Call me Cain.
A recent post here asked, “What’s your IF white whale?” According to Cain was my white whale. I’ve been trying to tell this story for years now.
I don’t recall the exact seed of inspiration. I suspect I was clicking around Wikipedia and came across the Cain & Abel story. Siblings in a heated rivalry leading to murder is a story that crosses cultures and time, from Remus & Romulus founding Rome to the faux Klingon mythology of Star Trek.
It started as a short story, structured as a series of journal entries written by Cain. His younger brother Abel is the favored one, charismatic and charming, while Cain is brooding and introspective. The ejection from Eden affected Adam and Eve in different ways: Adam sorts through his guilt via an industrious work ethic bordering on mania, while Eve languishes in a melancholic nostalgia. Cain and Abel are skeptical of their parents’ farfetched stories of their youth. Things grow alarming when Eve commands her sons to marry their sisters.
Incest, insanity, sibling rivalry, murder: It struck me as a powerful story worth telling.
A little research went a long way. The Targum Jerusalem was my most valuable source. In it, Cain debates Abel before killing him. Cain’s grim worldview cuts to the quick of what I think the final game asks:
There is neither judgment nor Judge, nor another world; neither is a good reward given to the righteous, nor will vengeance be taken of the wicked. Nor was the world created in goodness, nor in goodness is it conducted.
I eventually abandoned the idea, thinking I’d never finish it. Still, every time I set out to start a new writing project, I would pick through its remains wondering if this time I could tame it. (“Call me Cain.”)
When I decided to try writing a full-sized IF parser game, I sniffed through those old Cain journal entries once more. I didn’t want to write a “big” game, and since I thought my hands would be full learning the ropes, I didn’t want to have a lot of NPCs. As tempted as I was to have the player play the part of Cain himself, I knew asking (forcing?) the player to kill Abel was out of the question. Having the player go through the aftermath of the murder event seemed my soundest approach.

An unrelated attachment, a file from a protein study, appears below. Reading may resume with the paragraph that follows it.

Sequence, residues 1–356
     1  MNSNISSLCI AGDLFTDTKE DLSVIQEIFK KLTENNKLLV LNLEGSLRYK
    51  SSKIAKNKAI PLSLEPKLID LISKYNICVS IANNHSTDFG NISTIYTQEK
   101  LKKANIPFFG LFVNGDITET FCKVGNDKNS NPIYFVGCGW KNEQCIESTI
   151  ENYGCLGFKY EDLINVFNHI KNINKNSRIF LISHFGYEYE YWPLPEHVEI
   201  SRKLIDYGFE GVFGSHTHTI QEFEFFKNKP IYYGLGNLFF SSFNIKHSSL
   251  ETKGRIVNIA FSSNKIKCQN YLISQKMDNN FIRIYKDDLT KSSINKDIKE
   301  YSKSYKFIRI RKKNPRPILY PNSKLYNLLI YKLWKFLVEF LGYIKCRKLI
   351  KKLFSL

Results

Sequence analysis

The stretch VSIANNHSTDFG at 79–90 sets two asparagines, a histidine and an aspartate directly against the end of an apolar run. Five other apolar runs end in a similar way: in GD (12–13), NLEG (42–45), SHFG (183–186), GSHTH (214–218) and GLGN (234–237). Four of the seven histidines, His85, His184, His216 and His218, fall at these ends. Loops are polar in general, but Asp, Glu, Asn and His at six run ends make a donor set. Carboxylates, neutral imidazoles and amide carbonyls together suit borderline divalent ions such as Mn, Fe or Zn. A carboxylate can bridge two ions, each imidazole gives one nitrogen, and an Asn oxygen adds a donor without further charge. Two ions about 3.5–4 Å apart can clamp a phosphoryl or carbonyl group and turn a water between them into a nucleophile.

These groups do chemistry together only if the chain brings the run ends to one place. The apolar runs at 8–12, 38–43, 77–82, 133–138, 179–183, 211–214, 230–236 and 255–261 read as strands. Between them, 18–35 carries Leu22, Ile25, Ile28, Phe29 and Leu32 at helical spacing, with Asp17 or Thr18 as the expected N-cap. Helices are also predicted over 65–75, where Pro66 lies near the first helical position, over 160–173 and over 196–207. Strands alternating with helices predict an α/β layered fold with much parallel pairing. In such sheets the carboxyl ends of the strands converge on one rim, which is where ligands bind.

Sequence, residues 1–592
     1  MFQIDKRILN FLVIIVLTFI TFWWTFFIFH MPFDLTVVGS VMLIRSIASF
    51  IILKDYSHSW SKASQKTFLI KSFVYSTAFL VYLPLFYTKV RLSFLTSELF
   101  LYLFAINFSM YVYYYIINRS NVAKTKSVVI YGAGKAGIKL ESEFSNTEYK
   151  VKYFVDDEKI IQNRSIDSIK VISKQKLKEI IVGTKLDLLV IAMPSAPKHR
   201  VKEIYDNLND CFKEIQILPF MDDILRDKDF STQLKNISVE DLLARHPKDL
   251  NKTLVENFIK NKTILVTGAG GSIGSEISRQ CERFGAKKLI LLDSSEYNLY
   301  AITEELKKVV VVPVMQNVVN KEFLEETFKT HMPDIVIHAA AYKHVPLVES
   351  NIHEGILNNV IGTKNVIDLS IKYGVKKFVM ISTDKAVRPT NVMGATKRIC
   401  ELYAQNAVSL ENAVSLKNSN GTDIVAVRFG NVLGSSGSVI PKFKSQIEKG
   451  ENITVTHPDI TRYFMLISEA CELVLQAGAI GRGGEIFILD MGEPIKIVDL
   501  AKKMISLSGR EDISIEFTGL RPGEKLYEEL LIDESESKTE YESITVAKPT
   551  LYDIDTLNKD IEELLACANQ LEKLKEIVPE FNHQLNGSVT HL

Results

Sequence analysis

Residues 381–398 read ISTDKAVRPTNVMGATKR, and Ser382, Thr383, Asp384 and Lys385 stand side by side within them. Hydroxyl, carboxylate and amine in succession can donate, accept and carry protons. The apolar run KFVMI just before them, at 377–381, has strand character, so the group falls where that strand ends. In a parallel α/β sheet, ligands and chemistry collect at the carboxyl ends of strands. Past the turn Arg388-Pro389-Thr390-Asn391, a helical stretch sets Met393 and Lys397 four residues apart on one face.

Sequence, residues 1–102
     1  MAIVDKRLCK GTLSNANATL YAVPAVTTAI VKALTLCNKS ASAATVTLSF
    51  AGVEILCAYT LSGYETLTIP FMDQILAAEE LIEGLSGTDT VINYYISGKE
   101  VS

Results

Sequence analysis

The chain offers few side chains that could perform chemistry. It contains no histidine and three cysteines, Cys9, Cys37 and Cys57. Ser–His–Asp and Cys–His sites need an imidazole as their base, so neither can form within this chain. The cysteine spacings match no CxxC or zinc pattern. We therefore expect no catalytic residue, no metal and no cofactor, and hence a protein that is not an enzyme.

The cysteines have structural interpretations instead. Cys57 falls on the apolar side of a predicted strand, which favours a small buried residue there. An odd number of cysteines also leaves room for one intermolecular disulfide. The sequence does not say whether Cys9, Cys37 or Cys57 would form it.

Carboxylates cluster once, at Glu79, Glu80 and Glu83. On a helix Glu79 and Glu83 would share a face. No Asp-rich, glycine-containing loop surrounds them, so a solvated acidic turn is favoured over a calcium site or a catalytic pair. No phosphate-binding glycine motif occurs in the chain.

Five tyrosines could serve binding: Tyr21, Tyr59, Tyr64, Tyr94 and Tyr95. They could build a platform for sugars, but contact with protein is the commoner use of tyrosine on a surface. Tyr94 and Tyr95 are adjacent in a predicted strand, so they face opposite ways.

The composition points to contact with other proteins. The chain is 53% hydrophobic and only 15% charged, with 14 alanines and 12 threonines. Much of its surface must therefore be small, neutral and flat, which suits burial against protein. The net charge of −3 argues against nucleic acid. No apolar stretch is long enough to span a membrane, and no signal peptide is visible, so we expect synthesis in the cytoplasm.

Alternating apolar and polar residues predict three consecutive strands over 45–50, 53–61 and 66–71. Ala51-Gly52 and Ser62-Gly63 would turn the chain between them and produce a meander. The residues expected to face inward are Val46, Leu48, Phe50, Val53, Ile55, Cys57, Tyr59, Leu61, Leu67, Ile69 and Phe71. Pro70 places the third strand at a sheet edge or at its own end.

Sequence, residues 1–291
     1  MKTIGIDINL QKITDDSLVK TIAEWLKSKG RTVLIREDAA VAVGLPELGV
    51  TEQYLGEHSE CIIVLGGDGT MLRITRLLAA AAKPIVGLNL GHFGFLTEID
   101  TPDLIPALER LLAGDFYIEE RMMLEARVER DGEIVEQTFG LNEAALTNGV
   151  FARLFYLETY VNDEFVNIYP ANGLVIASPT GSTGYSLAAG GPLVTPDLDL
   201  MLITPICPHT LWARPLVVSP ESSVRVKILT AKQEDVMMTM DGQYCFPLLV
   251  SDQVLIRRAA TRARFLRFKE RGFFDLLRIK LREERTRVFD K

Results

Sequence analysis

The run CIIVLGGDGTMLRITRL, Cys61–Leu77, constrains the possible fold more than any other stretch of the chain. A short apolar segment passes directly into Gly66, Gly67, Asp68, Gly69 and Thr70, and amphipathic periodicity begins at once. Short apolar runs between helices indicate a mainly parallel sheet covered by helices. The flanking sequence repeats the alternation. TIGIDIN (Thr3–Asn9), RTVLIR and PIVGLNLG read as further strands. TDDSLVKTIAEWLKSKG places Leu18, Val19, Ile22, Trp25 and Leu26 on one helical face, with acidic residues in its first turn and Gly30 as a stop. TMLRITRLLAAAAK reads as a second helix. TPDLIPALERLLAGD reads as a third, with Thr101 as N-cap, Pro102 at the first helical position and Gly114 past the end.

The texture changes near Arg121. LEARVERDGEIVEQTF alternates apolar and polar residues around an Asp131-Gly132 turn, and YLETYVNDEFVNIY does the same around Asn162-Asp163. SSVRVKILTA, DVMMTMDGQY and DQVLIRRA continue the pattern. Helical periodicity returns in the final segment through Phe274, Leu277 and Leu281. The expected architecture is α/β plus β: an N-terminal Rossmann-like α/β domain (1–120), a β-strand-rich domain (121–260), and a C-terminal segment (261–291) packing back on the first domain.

It’s a murder. Why not have a detective investigate?
But what mystery? The murderer and victim are infamous. What could this detective uncover? I recalled the mark God placed on Cain, which is never described in the Bible.
The subject is esoteric, but I was so drawn to the idea of a detective solving not the crime but the punishment.
The revelations the player divines in the game are taken from Cain’s journal (drastically pared down to accommodate the bursty nature of IF’s prose). The game locations and elements—the settlement, the well, the great fire and tree, the crow, even the still where Abel makes alcohol—all come from the original story and my notes and fragments.
There was no magic system in my original concept. I (naively) planned for the player-detective to wander around, study details, and find scraps of parchment with Cain’s writing.
The alchemy system came from seeking a more involved and interesting way for the player to uncover these fragments. I began by toying with the idea of basing it on the Four Humours. The other alchemy ingredients come by way of Derrida—yeah, that Derrida—who connects the triad of remedy/poison/sacrifice to an ancient Greek ritual of scapegoating and catharsis called pharmakon.
Expulsion—ostracism—scapegoating. Poe writes of a “unity of effect” in fiction. Sacrifices and expulsion all play a part in the storyline. I incorporated these elements into the game as a way of reinforcing the effect.
The alchemy system was by far the most problematic coding challenge. I’m proud of the final result, but damn did it require a lot of fidgeting around to get it just right.
The in-game reference book (my Pharmakon, not Derrida’s) was the other problem child. Coding was not the issue, completeness was. There are 57 entries in the Pharmakon, which may not sound like many, but was a mini-project unto itself. (The character of Hester started as an afterthought, a way to inject a little humor into this dry reference book.)
One happy coincidence: Only after I was well into coding did I realize each of the family members corresponded to a humour. I greedily incorporated this coincidence into the puzzles. I wish I could say this was an early and sage design choice. I kept my imagination open during development, and it worked out.
The game’s ending was new. My original story meandered and did not build toward a conclusion.
I panicked during development: I’d made so much out of the mark of Cain, what could I say about it that could meet, or even exceed, the player’s expectations?
I perceive writing fiction as Promethean: We scale the mountain in the dark, feeling our way from handhold to handhold, and then race down the hill with the fire, eager to share its heat and light with others.
Someone wrote that a great ending is like a door slamming shut that leaves a lingering echo in the reader’s mind. That’s the sense of finality and satisfaction I aimed for. I like to think I achieved it.
I really want to express my appreciation for everyone who played and reviewed my game. To place in the top ten for my first IF Comp stunned me. Winning the Miss Congeniality award on top of that is an immense honor.
Thanks for reading, and thanks for playing!